what does a car survival curve look like?

Have emailed a big car company, a classic vehicle organization, click and clack, asked around, searched the web, but have been unable to find a survival curve for an automobile make or model. Ideally I could find data showing for say 200 cars bought at the same time, of the same model, how many were still registered. This would be a graph with number remaining on the y-axis and time on the x-axis. I realize there would be complications, such as putting in a new engine into car, but as long as the methods are stated explicitly, I don’t think that’s a problem. Would anyone know where this information could be found? It would seem quite valuble for used car buyers to know the half life of various models, which could be found without waiting for the last car of that type to be junked. I would settle for a survival curve for any complicated piece of equipment (computers?). Have been thinking of generating the data myself, over the next twenty years, but am not sure of how to do that either.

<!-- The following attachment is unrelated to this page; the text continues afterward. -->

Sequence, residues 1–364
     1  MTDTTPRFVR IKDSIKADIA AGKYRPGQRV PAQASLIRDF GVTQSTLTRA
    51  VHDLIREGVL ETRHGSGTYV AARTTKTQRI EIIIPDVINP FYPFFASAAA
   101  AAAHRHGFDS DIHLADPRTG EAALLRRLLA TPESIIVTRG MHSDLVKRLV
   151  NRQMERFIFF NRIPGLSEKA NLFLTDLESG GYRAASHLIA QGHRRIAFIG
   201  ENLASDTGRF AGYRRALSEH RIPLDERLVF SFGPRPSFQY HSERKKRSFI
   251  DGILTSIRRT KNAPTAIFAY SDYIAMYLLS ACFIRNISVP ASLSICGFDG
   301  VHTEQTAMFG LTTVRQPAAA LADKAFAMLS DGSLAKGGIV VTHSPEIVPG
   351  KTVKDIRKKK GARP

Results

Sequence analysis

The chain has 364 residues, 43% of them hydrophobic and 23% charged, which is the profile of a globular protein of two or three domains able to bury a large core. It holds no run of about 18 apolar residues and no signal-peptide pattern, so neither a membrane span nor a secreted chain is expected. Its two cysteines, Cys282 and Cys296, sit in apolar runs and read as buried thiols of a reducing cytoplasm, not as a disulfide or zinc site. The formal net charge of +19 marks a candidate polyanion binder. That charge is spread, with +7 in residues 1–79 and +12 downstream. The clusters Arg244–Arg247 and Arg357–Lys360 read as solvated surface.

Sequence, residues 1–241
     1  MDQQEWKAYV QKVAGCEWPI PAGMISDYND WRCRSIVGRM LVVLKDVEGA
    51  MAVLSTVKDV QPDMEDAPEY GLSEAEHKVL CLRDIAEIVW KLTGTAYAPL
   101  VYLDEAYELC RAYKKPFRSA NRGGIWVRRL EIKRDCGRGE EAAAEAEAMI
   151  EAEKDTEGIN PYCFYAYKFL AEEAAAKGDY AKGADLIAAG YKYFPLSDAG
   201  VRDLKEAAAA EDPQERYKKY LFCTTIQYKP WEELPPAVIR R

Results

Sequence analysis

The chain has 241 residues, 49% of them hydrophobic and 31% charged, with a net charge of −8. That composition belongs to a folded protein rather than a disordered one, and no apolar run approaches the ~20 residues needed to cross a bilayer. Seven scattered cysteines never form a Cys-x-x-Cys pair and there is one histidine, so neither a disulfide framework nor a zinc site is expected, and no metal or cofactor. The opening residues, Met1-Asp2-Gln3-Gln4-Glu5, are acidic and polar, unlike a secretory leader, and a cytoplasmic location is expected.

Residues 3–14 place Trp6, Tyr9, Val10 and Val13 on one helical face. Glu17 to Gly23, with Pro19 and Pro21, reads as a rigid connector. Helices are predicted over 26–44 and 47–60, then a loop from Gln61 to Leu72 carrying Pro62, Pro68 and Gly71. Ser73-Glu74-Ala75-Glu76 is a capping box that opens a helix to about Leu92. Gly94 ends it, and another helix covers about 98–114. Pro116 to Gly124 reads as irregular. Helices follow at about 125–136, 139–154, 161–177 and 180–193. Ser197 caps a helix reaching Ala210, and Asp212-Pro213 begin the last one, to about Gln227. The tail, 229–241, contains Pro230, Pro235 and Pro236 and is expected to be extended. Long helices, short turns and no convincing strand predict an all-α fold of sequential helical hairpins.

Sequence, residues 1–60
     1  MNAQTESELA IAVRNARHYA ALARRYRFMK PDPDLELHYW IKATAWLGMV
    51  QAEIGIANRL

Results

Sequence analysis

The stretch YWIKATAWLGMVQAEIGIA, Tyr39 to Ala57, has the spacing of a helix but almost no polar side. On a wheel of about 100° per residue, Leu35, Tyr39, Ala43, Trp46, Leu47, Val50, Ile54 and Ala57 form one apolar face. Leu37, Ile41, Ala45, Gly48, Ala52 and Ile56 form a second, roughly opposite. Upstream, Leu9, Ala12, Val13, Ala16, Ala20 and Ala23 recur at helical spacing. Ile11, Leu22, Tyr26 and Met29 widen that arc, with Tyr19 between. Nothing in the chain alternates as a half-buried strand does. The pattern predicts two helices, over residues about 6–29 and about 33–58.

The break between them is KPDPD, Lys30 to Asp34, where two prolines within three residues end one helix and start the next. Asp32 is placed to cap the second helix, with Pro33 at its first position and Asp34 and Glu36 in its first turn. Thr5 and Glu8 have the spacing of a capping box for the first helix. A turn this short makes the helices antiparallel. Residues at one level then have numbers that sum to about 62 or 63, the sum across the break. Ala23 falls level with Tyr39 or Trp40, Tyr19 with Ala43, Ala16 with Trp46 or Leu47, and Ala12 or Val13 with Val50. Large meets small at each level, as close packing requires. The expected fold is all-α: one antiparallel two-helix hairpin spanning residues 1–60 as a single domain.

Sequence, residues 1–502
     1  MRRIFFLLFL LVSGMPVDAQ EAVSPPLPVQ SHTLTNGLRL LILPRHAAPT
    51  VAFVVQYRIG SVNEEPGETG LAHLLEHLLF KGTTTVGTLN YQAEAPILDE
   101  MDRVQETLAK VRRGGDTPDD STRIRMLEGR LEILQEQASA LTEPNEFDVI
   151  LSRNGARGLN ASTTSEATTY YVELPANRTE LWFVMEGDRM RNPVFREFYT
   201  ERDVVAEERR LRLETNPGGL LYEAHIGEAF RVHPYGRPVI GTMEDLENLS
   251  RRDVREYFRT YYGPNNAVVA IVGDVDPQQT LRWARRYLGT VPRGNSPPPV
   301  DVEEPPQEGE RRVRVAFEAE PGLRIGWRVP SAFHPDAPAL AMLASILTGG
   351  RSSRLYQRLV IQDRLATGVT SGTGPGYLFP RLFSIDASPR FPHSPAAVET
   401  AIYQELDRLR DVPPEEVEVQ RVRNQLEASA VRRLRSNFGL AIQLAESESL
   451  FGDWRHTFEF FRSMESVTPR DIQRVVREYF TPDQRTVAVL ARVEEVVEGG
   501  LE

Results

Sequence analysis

The manufacturers are not going to have a lot of data tabulated like you describe. They really don’t care what happens to their products once the warranty expires. There have been ads making claims about longevity based on vehicle registration records, but that wouldn’t provide any way to differentiate which cars had been subjected to major mechanical repairs. Owners’(enthusiasts’) clubs won’t be very objective in many cases. How many TR7 freaks are going to admit that their cars are pieces of sh*t?

If you break down and accept registration data, your state vehicle registration agency would be the first place to ask but be prepared to jump through some hoops to get the data.

I believe Consumer Reports charts dependability data in their car issue, based on subscriber surveys, but it’s not in a graph.